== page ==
Brian Dewitt [00:24:17] It was very similar to just... That was what I was getting out of it was the meeting that, I didn't then and don't now, meeting people in bars was just not something I could do. So I was attracted to any of these other alternative, usually billed as an alternative to the bars type of thing. I mean, now we have this huge array of sports groups. I'm not really attracted to sports either. And similar groups. And I would probably be doing that if I wasn't doing this. But that was how I met people was going to these groups because bars didn't work at all. I mean, they went to the bars. Bars were nice for drinking and dancing, but attempting to meet someone in a bar was just... not successful. And then I used to subscribe to the old idea that if you meet people in bars, the people you're meeting are bar people. But.
Emily Miller [00:25:17] All right. Sorry we kind of got off track here but the, your mom and Gay Waves in the early '80s next week. Did you actually speak on the radio?
Brian Dewitt [00:25:28] Very little. I was the board controller and it's sort of my life. I've always sort of been in the background of everything. When I was in high school, I was on stage crew and very involved in drama there. Today, I'm involved with the North Coast Men's Chorus on their stage crew. So it's you know, I'm associate editor of the paper. I, I, it's just me. I just tend to like to stand in the background and pull the ropes, but not actually show my face.
Emily Miller [00:26:03] Do you remember any of the topics that they talked out?
Brian Dewitt [00:26:07] By the way, the entire set of Gay Waves recordings that I made is sitting in the Western Reserve Historical Society, and they've digitized a bunch of them. So they're quite available.
Emily Miller [00:26:21] They may not be processed yet because they're not available on the website, but you can look at their search engine.
Brian Dewitt [00:26:27] Ask, ask, ask 'em about it, because they had some they had a gathering there last spring and they had some of the Gay... I was so surprised to see some of the Gay Waves programs where they had laptop computers playing them. So they have some of them are digitized, maybe only two. Maybe only the two they had playing and they were not sequential. They were like one from '82 and one from '85 or something like that. I think I did that from somewhere in the early... I was involved with Radio Free Lambda very briefly and then it went off the air. Wade Tolleson was in the background doing... Dan Schaefer, my boyfriend at the time, and I did it for a very short period of time. None of those tapes exist like 1981. Gay Waves. I got involved myself. Glenn Gunderson. Ken Stoli. Who else was involved? There were six of us. Drew Cari, how could I forget, not that Drew Carey, you're familiar, with an "I". Yes, OK. He definitely Drew Cari and Bob Laycock and Michael Anderson. Bob Laycock and Michael Anderson were a couple at the time. Both of them still live in town, by the way.
Emily Miller [00:27:58] Sounds like a lot of the people that were involved in creating Cleveland Pride.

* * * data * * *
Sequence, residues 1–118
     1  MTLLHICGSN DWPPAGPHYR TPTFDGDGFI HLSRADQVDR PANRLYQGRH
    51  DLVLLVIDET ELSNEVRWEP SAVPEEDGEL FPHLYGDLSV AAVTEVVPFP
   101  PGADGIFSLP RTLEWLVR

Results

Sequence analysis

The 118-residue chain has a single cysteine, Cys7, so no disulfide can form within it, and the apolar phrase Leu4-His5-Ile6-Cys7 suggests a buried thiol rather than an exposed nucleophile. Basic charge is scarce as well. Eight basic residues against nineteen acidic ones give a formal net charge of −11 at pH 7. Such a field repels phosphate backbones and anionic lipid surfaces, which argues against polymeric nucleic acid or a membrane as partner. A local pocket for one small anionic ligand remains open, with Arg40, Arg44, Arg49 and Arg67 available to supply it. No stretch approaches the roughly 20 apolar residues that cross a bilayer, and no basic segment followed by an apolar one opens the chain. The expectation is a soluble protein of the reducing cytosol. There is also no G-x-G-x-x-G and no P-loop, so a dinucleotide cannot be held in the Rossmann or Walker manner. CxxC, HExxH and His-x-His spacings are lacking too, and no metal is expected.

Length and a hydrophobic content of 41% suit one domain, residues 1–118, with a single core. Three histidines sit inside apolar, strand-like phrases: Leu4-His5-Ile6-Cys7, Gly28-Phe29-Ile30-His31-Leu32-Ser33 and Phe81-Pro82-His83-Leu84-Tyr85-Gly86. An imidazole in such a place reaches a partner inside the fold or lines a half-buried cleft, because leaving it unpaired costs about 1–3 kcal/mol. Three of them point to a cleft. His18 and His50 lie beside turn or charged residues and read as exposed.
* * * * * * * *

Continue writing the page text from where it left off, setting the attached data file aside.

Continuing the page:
Brian Dewitt [00:28:01] Yeah, it's the same group, you know, Martha Pontone and Drew Cari founded Cleveland Pride. Yes.
Emily Miller [00:28:11] We'll talk about that later.
Brian Dewitt [00:28:11] Yeah. That's later. That's 1989. Except for the 1977 or whatever year it was. And we decide, well, OK, we're gonna get this going. And we had this got on WRUW's schedule, which is actually easy to do because of all Wade is sort of the the parental figure at WRUW 'cause he's been there for so long. Most of the... A lot of the, what they call community programmers as opposed to student programmers. And they also had a great need for, to keep up their license. They had to have X number of hours a week of public affairs programing locally produced. They couldn't just buy tapes from somewhere and run 'em. So we were a locally produced public affairs program. They loved us. We would pick a topic for the week, which would often be from the news, but a lot of, a lot of what we did was we would read about, it would be somebody in other cities. We have called them up on the air. We never did the show live. We were always scared to do it like we'd call them up on tape. And then I would manually edit the tapes--this is cutting quarter-inch tape and splicing it back together--into about a 15-minute segment of an interview with somebody, usually over a telephone from another city. The first 10, 7 or 10 minutes of the show was National Gay News with Tom Post in San Francisco. His real name was Timothy John O'Malley, and he decided he was going to run a national gay news show from from actually Oakland. He pretty much did it as a hobby singlehandedly and then put it out over phone lines to various stations. He was trying to get the stations to pay him for it, but we didn't have any budget for it and he was letting us do it anyway. That went on for a couple of, about three, couple or three years that we were getting NGN news from San... from Tom Post in San Francisco. Remember, we broke the silence. That was his tagline. But that was the beginning of each Gay Waves show, and then we'd have an interview with somebody, or we'd have a segment of, a segment of a speech and we would get a huge amount of this material from Case. Case Western Reserve University used to have an annual gay and lesbian conference in the spring in March or April. This is a weekend-long thing. It took took over most of Thwing Center, and they would have speaker... national speakers come in, you know, using student activity fee budget that they would get. And you know the school paid for this, I mean, the school has because the school has a whole effort toward bringing in national speakers for lectures and stuff. And so these were you know, we had Valerie Terrigno, the first lesbian mayor of West Hollywood, California. Who else? Oh, I think we had Patricia Nell Warren, who wrote The Front Runner. She, she came in and spoke once. One of the better, of course, because he's a preacher, Troy Perry, the founder of MCC, came and I have a memory of. And we would tape these speeches and I would edit them down into 20 minute segments to run on... And Troy Perry was one of the best ones because he's... He spoke like, like a standup comedian. He had segments and you... I could almost. OK. OK. Cut there. And I cut his speech up, a recording of it of two speeches up into segments, put them all back together into a little 20 minute pieces. And we have Troy Perry and he would go on and you would be standing and applauding, listening to the tape at the end of that 20 minute segment.